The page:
New gemology students often fuss over inconsequential data when identifying gems for the first time. In the process, they miss important clues. Getting practical experience is vital. In order to help make the transition from the textbook to the real world, I’ve created a gem identification quiz series.
By Donald Clark, CSM IMG 4 minute read

“What is it?” Quizzes

gem identification quiz - green gem

Peridot, emerald, or something else? This quiz can help gemology students learn how to choose identification tests and run them efficiently.

These quizzes are designed to be as realistic as possible. Hopefully, they’ll give student gemologists a better idea of how to proceed based on the information at hand. In this manner, they’ll learn not only the process but also time-saving shortcuts.

You’ll find the first gem identification quiz below. The rest of the series is available to those who become members of the International Gem Society (IGS).

Gem Identification Quiz #1: A Green Stone

A customer brings you a green, transparent stone (shown on the right) and wants to know if it’s an emerald or a peridot. Peridot is her birthstone, but she know emerald is much more valuable! With fingers crossed, you begin your examination.

Loupe Exam

First, clean the gem and examine it with a 10X loupe. You find a small feather inclusion and note the stone is very well-cut, but nothing more.

Microscope Exam

Next, take the stone to your microscope and examine it thoroughly with darkfield and oblique illumination. You see it has a small conchoidal fracture with vitreous luster on the culet. However, you don’t find any additional inclusions.

Refractometer Exam

Use your refractometer to take a basic refractive index (RI) reading. (Two readings at 90° to each other). You note your readings: 1.621 and 1.627.

Polariscope Exam

A quick check with a polariscope shows that the stone is doubly refractive. However, you can’t find an optic figure and sign. These would indicate its optic character. While examining the stone, you notice that it’s at least moderately pleochroic with yellowish green/green colors

Review What You’ve Found

I chose these initial tests because they’re the easiest and least time-consuming. Look at what you learned about your gem in just a few minutes: the approximate RI range, double refraction, and moderate pleochroism.

Of the other clues you’ve found, the feather and the conchoidal fracture with vitreous luster are of least importance. Unfortunately, these are so common they have little identification value.

You also know the stone is green and transparent. Yes, dozens of stones possess these qualities. Nevertheless, they still limit the possibilities a bit. For example, you can eliminate malachite, turquoise, and opal.

Usually, being well-cut indicates a valuable gem. Few people would spend much time on a synthetic. However, this proves nothing. Just keep this clue in mind. It may be important later.

Take the Gem Identification Quiz

After these initial tests, consult your reference materials and try to narrow down the options for your gem’s identity. Now, answer the following questions:

Question 1

At this point, what do you think the stone is, most likely?

Question 2

What test or tests would you run next?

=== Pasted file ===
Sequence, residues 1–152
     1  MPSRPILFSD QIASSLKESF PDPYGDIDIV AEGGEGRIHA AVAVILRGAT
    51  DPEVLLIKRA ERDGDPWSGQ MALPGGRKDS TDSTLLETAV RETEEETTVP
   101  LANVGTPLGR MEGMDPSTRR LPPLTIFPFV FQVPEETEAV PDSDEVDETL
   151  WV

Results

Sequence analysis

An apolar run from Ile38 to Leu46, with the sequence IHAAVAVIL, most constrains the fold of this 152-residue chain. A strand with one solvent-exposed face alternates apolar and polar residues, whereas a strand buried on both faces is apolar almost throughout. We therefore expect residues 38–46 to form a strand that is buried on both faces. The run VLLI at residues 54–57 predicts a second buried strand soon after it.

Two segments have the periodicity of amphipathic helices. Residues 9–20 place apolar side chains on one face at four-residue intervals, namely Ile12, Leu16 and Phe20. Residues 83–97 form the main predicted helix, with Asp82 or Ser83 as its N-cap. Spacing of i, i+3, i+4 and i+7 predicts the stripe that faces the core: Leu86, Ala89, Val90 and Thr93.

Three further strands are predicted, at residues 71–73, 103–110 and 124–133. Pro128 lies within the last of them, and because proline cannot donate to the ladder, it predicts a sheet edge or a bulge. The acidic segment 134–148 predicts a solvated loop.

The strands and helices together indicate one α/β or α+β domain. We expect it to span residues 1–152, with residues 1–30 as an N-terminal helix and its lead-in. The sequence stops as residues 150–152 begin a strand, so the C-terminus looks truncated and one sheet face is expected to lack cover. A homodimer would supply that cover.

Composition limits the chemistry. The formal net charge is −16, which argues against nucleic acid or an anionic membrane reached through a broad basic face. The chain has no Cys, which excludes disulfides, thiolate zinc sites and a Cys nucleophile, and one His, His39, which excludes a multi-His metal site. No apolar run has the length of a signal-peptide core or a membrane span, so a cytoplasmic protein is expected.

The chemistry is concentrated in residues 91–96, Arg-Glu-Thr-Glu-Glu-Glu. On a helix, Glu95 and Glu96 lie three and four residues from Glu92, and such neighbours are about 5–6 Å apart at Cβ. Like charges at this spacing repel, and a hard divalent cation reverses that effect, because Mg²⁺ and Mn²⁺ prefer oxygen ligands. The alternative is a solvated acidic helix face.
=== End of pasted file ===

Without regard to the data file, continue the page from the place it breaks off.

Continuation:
Gem Identification Quiz Answers

Question 1

Take the information you’ve collected and consult gemological references. So far, you have the following data:

  • Color: green.
  • Optic Character: doubly refractive, but could find no figure.
  • RI high and low: 1.621 and 1.627. (Note: use what you measured, but the actual range may be greater).
  • Pleochroism: 2 colors and moderate.
  • Transparency: transparent.

The possible IDs you’ll find will most likely include topazactinolite, and a few varieties of tourmaline. You don’t need to identify the tourmaline variety at this point. Therefore, you need a test or tests to distinguish topaz, actinolite, and tourmaline.

Question 2

Topaz has a significantly different specific gravity (SG) than the other possibilities, but SG won’t distinguish actinolite from tourmaline. However, each of these gems has a different optic character: topaz is biaxial positive, actinolite is biaxial negative, and tourmaline is uniaxial negative. So, that’s the deciding factor. Since you couldn’t find the optic figure with your polariscope, try using your refractometer to determine its optic character. When you’ve done that, you can make a positive identification.

Quiz Follow-Up

Hopefully, this little lesson helps you understand the gem identification process. Gather your initial data, review your findings, consult your references, eliminate possibilities, and choose additional tests.

So, what is that green gem? That depends on its optic character. I haven’t revealed the answer. The quiz is designed to help you learn to winnow data and pick appropriate tests.

However, here’s a little more information about one of the possibilities.

Typically, you can easily identify tourmalines. Strong pleochroism is a good indicator, especially if you see two entirely different colors, like orange and green. Another quick way to identify tourmalines is finding hollow growth tubes. Either of these qualities indicate you’re likely looking at a tourmaline. Next, check the RI. If it matches tourmaline, the only other thing you need for proof of identity is the optic character. No other gem has strong pleochroism, the same RI, and optic character as tourmaline.

Tourmalines frequently have stress, which should make finding the optic figure in the polariscope easy. However, even if you don’t find it with that tool, you can still use your refractometer.

If you’re an IGS member, take a look at the entire quiz series.